I was talking about The Institute for the Future of the Book (IF:B). The IF:B website is here.
The Institute is a project of the Annenberg Center for Communication at the University of Southern California and is based in Brooklyn, New York." The Institute is funded by two very large foundations: MacArthur and Mellon.
I explained that the Institute is working on its own vision of the future; a vision that it calls Sophie.
Sophie is no less than a plan to reinvent the book. Not satisfied with an electronic book that can be read on a computer screen, Sophie is a social engineering experiment as well. Recognizing the success of such websites as My Space, Sophie is an attempt to create documents that could live and breathe on the Internet and where readers could interact with each other and with the author.
Last week on June 5th here, the New York Times had an article called "Digital Publishing is Scrambling the Industry's Rules." As I read it, I thought of Sophie.
The article opens describing a book called Only Revolutions by Mark Z. Danielewski. During his editing process, Danielewski created a private forum on his website so that fans of his work could read and add suggestions online. When the book is published in September, those hundreds of margin notes will be included in the finished product.
Such interaction between a writer and readers would not have been possible a decade ago. Now the social networking possibilities related to reading a book seem limited only by the imagination's boundaries.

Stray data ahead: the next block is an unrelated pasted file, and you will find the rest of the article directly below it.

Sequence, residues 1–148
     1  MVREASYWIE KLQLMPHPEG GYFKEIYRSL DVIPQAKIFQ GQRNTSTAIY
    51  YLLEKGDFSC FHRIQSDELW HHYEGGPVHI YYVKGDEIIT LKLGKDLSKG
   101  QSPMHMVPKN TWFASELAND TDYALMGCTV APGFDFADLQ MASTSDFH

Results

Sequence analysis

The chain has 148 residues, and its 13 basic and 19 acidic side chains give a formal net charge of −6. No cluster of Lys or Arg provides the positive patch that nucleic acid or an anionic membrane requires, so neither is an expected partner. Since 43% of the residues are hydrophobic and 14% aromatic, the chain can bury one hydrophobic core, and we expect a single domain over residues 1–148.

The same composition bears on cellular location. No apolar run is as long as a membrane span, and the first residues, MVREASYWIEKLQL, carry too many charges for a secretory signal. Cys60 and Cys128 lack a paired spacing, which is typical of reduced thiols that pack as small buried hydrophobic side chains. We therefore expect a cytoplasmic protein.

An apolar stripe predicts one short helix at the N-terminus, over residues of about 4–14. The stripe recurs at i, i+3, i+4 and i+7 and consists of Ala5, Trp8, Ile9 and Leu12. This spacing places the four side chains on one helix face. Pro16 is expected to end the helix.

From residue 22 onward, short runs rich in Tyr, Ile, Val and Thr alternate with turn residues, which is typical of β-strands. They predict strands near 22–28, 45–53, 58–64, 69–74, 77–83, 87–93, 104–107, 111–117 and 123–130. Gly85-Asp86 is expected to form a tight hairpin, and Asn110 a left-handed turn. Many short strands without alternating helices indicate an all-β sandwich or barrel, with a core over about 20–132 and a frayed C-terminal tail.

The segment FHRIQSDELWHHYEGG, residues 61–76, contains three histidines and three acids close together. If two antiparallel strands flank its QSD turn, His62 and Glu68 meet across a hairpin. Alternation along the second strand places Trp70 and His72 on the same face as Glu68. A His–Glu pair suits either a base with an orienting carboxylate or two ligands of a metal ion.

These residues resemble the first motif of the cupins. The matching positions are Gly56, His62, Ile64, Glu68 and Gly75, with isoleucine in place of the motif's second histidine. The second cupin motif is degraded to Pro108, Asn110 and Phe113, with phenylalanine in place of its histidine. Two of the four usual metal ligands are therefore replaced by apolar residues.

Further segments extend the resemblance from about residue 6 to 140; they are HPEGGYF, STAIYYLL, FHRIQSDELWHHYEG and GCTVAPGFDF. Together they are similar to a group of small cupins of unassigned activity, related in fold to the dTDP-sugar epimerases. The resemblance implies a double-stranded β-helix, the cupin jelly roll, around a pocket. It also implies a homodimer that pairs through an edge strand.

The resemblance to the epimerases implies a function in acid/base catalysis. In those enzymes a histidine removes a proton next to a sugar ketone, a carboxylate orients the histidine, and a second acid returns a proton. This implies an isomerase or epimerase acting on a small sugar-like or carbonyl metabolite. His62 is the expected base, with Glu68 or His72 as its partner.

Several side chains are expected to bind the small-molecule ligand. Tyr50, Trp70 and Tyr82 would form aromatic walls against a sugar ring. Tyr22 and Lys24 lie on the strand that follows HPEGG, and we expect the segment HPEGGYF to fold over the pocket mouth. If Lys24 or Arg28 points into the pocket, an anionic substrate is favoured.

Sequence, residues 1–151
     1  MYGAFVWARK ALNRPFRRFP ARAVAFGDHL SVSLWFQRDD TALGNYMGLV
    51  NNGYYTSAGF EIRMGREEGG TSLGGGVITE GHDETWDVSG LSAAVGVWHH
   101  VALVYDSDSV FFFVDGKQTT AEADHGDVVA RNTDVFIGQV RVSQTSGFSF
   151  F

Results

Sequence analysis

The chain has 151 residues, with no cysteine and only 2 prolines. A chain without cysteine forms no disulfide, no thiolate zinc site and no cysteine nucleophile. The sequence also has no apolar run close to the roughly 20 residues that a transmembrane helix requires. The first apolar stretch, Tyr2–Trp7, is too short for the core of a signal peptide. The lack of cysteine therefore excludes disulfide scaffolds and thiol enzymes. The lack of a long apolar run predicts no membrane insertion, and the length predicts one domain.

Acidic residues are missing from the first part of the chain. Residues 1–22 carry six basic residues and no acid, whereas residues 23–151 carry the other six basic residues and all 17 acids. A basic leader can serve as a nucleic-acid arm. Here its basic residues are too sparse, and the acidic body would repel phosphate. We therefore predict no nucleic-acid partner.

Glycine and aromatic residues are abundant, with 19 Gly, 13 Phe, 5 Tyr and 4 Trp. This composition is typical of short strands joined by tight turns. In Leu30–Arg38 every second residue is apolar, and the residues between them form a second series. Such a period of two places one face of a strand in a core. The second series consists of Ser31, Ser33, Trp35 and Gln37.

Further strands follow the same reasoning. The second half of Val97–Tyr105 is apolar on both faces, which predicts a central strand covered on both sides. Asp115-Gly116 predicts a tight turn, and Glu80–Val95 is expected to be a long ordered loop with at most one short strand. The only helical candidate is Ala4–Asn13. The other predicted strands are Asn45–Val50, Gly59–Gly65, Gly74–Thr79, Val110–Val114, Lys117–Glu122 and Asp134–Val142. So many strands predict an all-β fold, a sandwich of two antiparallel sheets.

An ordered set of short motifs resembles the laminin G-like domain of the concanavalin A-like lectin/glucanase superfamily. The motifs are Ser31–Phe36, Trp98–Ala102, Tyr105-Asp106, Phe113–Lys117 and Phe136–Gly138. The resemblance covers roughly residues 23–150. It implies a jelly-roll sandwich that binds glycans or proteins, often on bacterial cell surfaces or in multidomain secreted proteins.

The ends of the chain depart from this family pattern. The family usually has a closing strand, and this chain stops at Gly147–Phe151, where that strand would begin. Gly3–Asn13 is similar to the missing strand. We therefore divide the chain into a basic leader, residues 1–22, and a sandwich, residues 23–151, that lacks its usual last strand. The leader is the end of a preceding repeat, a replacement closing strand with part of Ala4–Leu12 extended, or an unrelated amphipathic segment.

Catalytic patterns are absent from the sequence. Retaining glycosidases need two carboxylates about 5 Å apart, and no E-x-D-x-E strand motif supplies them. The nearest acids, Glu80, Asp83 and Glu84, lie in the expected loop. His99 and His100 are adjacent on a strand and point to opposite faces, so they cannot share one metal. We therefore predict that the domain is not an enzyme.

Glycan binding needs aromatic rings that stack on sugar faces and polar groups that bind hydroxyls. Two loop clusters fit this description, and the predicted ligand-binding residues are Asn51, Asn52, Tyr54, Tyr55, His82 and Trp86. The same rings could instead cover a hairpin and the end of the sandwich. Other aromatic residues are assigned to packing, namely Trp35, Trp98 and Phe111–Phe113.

The Times says:
Hovering above the discussion of all these technologies is the fear that the publishing industry could be subject to the same upheaval that has plagued the music industry, where digitalization has started to displace the traditional artistic and economic model of the record album with 99-cent song downloads and personalized playlists. Total album sales are down 19 percent since 2001, while CD sales have dropped 16 percent during the same period, according to Nielsen SoundScan. Sales of single digital music tracks have jumped more than 1,700 percent in just two years.
Most writers and publishers live in fear that technology will rob them of revenue. Others, like thriller writer Lisa Scottoline, are learning to make the latest developments work for them. Scottoline provides the first chapters of each book on her website to tantalize readers.
Despite the doom and gloom of people like John Updike, who insist that technology will lead to the breaking up of books, others are not so fatalistic. Yochai Benkler, a Yale University law professor, believes that, "The service has to be sufficiently better and the moral culture needs to be one where, as an act of respect, when the price is reasonable, you pay." He believes low prices will still attract readers and that "without the costs of paper and physical book production, publishers could afford to give authors a higher cut of the sale price as royalties." (NYT)
Benkler's stance is, of course, what has been going on with e-books for some time. Writers working for e-publishers are making between 35% and 40% in royalties compared to the traditional 7% to 15% in print books.
IMHO, the most important thing to remember is that technology is never stopped by opposition. It may be slowed down or diverted, but only for a short time. Technology always wins out in the end. We as writers can choose to establish a new beachhead, or be swept away by the tides of change.